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Libya - Nato - African Union

AU agrees Libya plan as Kadhafi threatens Europe

AFP/Alexa Joe
3 min

The African Union (AU) has pledged to organise talks between the warring Libyan parties, but US leaders told Moamer Kadhafi to democracy not threats after he told Europe that his supporters could attach the continent “like locusts and bees”.

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"We are very happy that we have reached this point, that we can now say very soon we will be launching the talks in Addis Ababa and we believe we will get the necessary support from everyone," South African President Jacob Zuma said late Friday in Malabo, where the AU summit took place.

THE BATTLE FOR LIBYA

Two days of debate were needed to reach an accord with leaders differing over whether Kadhafi should be criticised. New elements in the roadmap include provisions for a multinational peacekeeping force organised by the United Nations.

But the highlight of the plan - that Kadhafi had agreed to stay out of the negotiations - had been announced a week earlier after a meeting in Pretoria.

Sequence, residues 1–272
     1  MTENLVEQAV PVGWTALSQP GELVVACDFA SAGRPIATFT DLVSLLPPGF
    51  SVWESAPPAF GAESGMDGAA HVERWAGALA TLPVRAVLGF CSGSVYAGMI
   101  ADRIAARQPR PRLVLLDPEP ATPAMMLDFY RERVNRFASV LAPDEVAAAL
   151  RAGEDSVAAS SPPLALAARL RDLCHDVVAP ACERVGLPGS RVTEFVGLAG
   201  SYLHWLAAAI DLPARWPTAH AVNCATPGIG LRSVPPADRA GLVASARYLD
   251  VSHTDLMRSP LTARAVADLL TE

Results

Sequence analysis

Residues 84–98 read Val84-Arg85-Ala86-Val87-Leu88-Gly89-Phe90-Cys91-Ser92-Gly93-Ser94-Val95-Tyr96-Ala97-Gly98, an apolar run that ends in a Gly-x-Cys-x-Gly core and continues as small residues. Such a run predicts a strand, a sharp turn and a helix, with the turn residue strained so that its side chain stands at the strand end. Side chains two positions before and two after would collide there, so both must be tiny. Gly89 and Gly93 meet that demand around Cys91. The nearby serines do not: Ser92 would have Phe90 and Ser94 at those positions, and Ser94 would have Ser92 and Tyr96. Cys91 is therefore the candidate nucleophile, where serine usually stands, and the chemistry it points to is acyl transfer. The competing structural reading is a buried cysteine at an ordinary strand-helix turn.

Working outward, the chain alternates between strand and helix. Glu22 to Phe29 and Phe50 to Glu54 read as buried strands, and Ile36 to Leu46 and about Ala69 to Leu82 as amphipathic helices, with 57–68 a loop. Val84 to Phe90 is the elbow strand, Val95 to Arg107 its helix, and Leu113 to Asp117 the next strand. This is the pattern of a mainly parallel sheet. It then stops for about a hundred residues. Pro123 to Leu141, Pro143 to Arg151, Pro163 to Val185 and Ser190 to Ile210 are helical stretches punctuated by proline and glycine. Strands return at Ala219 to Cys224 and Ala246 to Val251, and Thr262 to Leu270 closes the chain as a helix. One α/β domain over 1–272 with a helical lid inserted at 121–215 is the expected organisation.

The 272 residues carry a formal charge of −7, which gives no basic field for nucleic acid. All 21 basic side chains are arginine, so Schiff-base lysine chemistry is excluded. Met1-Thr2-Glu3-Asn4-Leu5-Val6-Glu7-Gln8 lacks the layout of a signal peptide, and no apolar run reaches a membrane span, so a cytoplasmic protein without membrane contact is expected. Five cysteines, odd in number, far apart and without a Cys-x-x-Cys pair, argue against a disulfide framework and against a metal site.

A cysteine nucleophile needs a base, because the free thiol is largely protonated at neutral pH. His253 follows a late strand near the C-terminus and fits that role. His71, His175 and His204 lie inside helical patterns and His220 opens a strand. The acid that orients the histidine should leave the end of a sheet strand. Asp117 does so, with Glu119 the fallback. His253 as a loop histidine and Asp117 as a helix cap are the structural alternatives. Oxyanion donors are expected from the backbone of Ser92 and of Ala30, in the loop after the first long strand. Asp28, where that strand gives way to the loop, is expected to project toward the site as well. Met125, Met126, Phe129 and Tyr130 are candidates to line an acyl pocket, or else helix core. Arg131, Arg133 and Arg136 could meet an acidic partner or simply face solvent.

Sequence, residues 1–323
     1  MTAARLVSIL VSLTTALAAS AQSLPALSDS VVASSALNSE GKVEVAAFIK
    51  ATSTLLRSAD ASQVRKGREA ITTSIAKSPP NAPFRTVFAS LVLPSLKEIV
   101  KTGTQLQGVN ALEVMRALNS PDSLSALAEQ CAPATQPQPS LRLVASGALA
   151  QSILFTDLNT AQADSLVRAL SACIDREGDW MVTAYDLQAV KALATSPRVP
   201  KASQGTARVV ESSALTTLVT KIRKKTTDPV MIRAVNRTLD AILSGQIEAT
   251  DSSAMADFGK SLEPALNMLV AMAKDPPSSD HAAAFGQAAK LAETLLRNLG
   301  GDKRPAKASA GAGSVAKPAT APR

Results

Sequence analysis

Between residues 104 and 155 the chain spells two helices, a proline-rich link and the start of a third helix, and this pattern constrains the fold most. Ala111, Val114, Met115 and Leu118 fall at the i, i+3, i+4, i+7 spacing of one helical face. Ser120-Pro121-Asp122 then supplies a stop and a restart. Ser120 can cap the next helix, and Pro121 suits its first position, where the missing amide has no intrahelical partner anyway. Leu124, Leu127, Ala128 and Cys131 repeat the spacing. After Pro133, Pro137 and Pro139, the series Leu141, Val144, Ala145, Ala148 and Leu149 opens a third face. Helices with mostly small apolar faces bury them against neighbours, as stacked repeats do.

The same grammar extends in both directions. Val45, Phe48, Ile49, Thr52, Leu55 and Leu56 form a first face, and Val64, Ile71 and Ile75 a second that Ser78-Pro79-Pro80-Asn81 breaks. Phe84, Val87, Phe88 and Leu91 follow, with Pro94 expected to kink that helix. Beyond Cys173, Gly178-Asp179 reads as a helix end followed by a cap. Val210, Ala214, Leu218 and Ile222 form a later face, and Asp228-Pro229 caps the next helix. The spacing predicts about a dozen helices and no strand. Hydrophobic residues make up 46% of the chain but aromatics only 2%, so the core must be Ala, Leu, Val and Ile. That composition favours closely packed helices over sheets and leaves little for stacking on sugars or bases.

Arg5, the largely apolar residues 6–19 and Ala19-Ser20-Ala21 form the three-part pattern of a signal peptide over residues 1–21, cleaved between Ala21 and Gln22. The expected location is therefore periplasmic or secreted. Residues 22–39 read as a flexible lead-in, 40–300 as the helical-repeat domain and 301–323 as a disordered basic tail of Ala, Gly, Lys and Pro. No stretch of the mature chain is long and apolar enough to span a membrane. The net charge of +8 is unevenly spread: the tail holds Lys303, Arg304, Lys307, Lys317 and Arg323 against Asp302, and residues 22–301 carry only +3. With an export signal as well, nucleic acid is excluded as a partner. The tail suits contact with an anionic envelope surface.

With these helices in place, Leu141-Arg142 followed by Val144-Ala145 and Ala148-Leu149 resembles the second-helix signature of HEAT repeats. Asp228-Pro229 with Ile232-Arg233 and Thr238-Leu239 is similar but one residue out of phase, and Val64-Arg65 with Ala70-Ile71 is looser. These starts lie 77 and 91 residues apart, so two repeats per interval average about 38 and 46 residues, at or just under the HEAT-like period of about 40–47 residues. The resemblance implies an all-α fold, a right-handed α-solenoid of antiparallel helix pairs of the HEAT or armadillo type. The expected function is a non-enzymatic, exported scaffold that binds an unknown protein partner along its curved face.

The emphasis is on inclusive and consensual negotiations that could allow Kadhafi to "return to the game when he wants to," a diplomat at the summit said.

On Friday Kadhafi threatened reprisals against Europe if Nato’s operation in his country did not stop.

The Libyan people are capable, one day, of taking the battle to Europe and
the Mediterranean," he said when addressing thousands of supporters in Tripoli.

They might attack “your homes, your offices, your families ... because you have transformed our offices, headquarters, homes and children into military targets which you say are legitimate”, he said. "If we decide to do so, we are capable of throwing ourselves on Europe like swarms of locusts or bees."

And he called on his loyalists to seize French-supplied weapons to rebels in the Nafusa mountains.

"Instead of issuing threats, Kadhafi should put the well-being and interests of his own people first and he should step down from power and help facilitate a democratic transition," US Secretary of State Hillary Clinton responded on a visit to Nato ally
Spain on Saturday.

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